MORINONAKA -im Wald-
Under the full bloom of the cherry tree forest
Cooperation with the Kunstverein Freiburg e.V
Dance and Theater Prize of the City of Stuttgart and the State of Baden-Württemberg 2017
Does the beauty of the flowering cherry tree make people lose their minds? Hereby, the Japanese literary work: "Under the full bloom of the cherry tree forest" by Ango Sakaguchi, which deals with the background of the
Represents dance installation performance.
In this story, Japanese choreographer Emi Miyoshi borrowed the "unutterable silence" that she discovered in the abandoned landscape of eastern Japan after the destruction of the tsunami in 2011. Even today, many people and valuable landscapes are being destroyed worldwide by catastrophes and wars "After the destruction, choreographer Emi Miyoshi wants to oppose life, but paradoxically, she is fascinated by this silence, in which we find our humanity transnational, cross-cultural and across time." MORINONAKA "is an experimental piece, which has two sides Dance and the installation approaches the motif of "unutterable silence".
Concept, staging and choreography: Emi Miyoshi
Art installation and performance: Jürgen Oschwald
Dance: Unita Gay Galiluyo, Yannick Badier, Emi Miyoshi
Text: Tao Lin "You are a little bit happier than i am"
Technical support: Marc Doradzillo, Martin Puchberger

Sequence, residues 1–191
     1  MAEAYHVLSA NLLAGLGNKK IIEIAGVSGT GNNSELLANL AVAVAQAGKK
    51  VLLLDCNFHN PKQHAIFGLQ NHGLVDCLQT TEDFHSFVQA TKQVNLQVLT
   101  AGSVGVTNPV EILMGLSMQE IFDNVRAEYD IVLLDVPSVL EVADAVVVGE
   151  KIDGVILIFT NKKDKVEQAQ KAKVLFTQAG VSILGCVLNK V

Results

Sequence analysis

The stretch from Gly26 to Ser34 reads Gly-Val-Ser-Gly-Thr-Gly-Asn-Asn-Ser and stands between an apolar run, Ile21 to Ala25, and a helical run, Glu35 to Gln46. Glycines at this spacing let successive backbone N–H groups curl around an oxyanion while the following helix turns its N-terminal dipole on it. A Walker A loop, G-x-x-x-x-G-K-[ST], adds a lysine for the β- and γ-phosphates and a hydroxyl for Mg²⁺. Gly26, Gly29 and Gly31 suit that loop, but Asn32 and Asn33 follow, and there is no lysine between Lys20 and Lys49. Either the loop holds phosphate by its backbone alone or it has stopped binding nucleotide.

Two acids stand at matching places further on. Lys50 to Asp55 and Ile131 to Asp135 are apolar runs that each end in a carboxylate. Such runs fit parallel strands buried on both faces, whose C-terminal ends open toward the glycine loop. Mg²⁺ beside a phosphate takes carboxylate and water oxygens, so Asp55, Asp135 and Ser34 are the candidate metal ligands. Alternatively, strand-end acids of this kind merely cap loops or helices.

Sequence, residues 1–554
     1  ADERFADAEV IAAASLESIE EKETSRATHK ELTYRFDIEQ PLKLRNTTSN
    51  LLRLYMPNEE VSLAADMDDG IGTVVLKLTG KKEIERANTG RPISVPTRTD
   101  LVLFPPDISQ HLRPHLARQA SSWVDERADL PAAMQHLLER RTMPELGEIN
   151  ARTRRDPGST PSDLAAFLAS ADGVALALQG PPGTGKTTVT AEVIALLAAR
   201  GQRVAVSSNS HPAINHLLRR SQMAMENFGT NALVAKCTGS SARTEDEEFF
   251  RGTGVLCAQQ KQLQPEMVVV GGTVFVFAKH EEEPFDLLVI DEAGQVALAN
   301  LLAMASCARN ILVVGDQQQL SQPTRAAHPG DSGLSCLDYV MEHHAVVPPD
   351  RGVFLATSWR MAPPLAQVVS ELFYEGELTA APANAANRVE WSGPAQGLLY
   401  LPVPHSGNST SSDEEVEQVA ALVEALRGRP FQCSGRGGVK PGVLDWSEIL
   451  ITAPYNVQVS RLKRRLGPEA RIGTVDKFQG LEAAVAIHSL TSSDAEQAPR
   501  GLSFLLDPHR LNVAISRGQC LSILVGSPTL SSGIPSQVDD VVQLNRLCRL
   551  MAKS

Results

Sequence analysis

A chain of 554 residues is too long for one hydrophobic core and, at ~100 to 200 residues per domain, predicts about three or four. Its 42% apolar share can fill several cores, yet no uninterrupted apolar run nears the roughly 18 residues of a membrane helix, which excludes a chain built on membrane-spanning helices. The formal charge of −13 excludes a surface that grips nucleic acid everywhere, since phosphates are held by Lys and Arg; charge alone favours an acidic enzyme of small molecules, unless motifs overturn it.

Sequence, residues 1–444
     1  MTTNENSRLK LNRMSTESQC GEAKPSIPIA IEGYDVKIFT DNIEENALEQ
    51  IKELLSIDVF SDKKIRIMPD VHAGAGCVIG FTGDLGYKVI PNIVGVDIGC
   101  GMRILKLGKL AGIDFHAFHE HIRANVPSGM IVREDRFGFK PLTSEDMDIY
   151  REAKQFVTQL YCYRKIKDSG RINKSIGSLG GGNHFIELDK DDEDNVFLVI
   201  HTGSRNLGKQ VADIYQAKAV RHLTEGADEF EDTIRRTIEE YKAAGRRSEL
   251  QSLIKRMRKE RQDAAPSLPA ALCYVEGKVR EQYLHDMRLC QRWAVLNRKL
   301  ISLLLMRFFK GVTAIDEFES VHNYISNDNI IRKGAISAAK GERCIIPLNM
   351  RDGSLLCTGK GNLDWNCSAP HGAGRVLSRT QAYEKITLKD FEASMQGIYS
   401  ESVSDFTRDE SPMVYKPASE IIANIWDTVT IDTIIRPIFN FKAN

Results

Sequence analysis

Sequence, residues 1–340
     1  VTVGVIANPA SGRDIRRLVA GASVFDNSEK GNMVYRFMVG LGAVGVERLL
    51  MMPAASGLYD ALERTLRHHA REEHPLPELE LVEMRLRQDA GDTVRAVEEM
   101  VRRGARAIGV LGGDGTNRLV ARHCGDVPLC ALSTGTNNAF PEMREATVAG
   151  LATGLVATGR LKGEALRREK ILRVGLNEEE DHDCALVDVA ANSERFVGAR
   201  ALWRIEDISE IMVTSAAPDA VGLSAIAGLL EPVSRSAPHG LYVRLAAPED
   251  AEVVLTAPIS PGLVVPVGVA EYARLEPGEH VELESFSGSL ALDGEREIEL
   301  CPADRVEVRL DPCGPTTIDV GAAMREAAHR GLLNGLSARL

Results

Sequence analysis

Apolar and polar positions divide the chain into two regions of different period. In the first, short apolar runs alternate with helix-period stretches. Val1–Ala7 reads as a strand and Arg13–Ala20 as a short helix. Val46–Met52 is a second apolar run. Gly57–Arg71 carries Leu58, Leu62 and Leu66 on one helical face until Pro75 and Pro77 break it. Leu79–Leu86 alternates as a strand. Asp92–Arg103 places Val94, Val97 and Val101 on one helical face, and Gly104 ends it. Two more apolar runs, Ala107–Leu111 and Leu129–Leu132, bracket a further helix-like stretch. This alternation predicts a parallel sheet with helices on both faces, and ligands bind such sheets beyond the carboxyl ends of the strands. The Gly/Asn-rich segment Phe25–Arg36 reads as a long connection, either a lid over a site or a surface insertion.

Photo and video: Marc Doradzillo
With special thanks to the sponsors of this project: Cultural Office of the City of Freiburg, Landesverband Free Theater Baden-Württemberg eV, LBBW, Sparkasse Freiburg, Kunstverein Freiburg e. V.
In her installation, Emi Miyoshi deals with the "unending silence" that she experiences in the landscapes of East Japan after the destruction of the 2011 tsunami. She uses this silence as a prototype and motif for war-torn and catastrophic landscapes all over the world. The jury is impressed by this work, which moves elegantly between dance, music and the fine arts and, incidentally, grazes the great catastrophes of the world. To find her way of expression, Emi Miyoshi works closely with visual artists or musicians. The installative character of their work impresses and opens up exciting worlds for dance. In "Morinonaka", Miyoshi manages to negotiate the topic of destruction in an impressive way and to develop a brittle, simple beauty. - Jury